(No.5, Vol.6,Jul-Aug 2016 Vietnam Heritage Magazine)
Photo book shows slices of life
along the Middle Way
What do Buddhist monks and nuns do all day long? Many people may think they must occupy their time sitting under trees and meditating or trudging slowly through streets with begging bowls in their hands. Tran The Phong, a devoted Buddhist himself has produced an album of photographs to shatter such myths and show you that while they be not be of the world they are very
definitely in it.
The book begins with showing monks and nuns care for the young, presumably at an orphanage. Then we see images of juniors in Buddhist robes. Mostly they are
playing like normal children at chess, tug-of-war and arm wrestling but also feeding small animals and tending to flowers. This led me to reflect on my early Christian upbringing and Sunday school, which was all about acquiring knowledge. The emphasis here seems to be opening up kids to religious experience.
At the other end of life, there is a convent where the nuns give residential care to many geriatric females. I have visited this place with a Japanese charity and can bear witness to the saintliness of these people. They are Buddhist Saint Teresas and deserve at least a nomination for the Nobel Peace Prize. You see the nuns in packed wards, chatting to families old ladies and feeding and washing them.
You may think monks do not actually do work. Phong shows you otherwise. He has captured them at gentle pursuits such as gardening, cooking, painting, sweeping floors and washing cars. However, to put sedentary folk like me to shame, he also has caught them at hard physical labour; hauling huge stones, pushing heavily-laden carts and road building. Glad to see these chaps are not corrupt like our Christian monks who were instrumental in concocting some delicious beers and wines. The nearest to that here is a shot of a monk making soya sauce.
Many monasteries are centres for Eastern martial arts. Here you can see pictures of child monks thrusting out their fists with extreme concentration on their faces. An elderly monk demonstrates how to fell an opponent while seated child monks look on. The fact that this takes place in the tranquillity of woods gives contrast to the action. Another monk's physical and mental absorption is shown as he practices tai chi with a large fan outspread.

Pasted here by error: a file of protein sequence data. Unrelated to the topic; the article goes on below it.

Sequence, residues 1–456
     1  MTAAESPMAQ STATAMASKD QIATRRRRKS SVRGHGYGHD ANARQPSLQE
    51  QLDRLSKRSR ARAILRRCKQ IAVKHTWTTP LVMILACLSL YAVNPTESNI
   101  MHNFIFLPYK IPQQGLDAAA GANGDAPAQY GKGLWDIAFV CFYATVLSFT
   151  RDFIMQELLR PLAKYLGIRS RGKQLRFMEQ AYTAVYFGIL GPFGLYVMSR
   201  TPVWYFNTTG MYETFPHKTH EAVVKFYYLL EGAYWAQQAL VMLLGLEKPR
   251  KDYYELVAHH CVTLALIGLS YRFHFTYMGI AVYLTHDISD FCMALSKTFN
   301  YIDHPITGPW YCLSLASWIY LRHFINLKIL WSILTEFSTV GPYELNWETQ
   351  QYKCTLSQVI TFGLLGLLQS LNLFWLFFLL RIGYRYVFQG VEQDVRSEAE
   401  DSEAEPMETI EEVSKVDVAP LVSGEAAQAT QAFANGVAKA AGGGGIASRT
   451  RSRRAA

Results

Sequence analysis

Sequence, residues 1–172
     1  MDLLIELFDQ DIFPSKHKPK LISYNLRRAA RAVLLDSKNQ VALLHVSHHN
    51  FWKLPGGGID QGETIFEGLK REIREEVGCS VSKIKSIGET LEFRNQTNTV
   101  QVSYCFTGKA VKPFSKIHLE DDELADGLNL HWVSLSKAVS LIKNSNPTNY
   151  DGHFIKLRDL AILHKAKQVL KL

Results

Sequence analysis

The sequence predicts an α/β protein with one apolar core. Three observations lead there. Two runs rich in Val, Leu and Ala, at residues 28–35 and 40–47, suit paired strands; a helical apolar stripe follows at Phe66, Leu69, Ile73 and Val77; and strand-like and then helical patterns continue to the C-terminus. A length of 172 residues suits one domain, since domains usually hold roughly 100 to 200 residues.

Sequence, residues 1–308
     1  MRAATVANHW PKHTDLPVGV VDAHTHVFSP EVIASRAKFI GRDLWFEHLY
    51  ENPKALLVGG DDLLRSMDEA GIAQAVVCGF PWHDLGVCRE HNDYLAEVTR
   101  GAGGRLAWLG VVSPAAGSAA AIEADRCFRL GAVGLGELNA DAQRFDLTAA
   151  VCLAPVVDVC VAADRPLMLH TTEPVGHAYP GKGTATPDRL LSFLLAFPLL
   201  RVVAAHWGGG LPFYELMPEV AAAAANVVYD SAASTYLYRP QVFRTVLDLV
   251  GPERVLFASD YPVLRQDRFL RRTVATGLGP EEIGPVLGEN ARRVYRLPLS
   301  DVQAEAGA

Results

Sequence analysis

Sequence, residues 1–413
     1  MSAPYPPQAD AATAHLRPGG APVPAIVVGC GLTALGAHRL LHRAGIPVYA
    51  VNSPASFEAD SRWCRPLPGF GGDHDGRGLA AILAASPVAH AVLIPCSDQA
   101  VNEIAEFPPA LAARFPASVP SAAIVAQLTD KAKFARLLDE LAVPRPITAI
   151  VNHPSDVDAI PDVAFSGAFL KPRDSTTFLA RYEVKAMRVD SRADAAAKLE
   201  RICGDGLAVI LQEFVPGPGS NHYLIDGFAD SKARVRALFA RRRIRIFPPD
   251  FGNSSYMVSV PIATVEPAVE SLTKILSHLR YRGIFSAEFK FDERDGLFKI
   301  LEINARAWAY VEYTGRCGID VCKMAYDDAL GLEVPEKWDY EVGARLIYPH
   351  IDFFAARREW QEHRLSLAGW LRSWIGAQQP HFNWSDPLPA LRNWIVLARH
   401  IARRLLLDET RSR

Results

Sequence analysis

Another monastic pursuit is medicinal gardening and the preparation of herbal remedies. Monasteries with their pharmacies are a good place to source traditional medicine. Nuns are pictured watering the greenery and tending to the plants. Another is joyfully carrying away a basket of freshly harvested herbs. Then there are nuns raking through carpets of herbs while others sort through them in baskets. Presumably there are looking for the best picks. Finally, two nuns are shown serving a mother and young child in the pharmacy.
Like the rest of us, monks and nuns have to eat and there is a series on the monastic kitchen. A group of monks sit down together to make banh chung for the Tet festival. One cook is sweating away over a steaming pan. Another portrait which might be entered for a prize has a black robed monk sampling soup from a ladle surrounded by huge aluminium pots. He is cooking for a hungry mass.
The word ‘light’ comes in the title and this photographer uses light to great effect when shooting his subjects. He also has an eye for colour. Light is, of course, a religious word too. There is a huge sense of joy on the faces of the people and in the scenes portrayed. It made me feel quite envious of the monastic way of life.
The cover page picture is of a monk's hand holding a rosary. The final pages feature processions, including one over an iconic Hanoi bridge. On the very final page appears the cliché of a saffron-robed monk meditating under a tree. This is a photo album where you get not what you may have bargained for-full action monastic life.
‘The Light for Life’ by Tran The Phong is published by Nha Xuat Ban Tre at VND360,000. It won the prize A – Excellent National Photography Award from Vietnam Association of Photographic Artists in 2015. The book can be found at Tribooks, 158 Dong Khoi St, Dist.1, Ho Chi Minh City.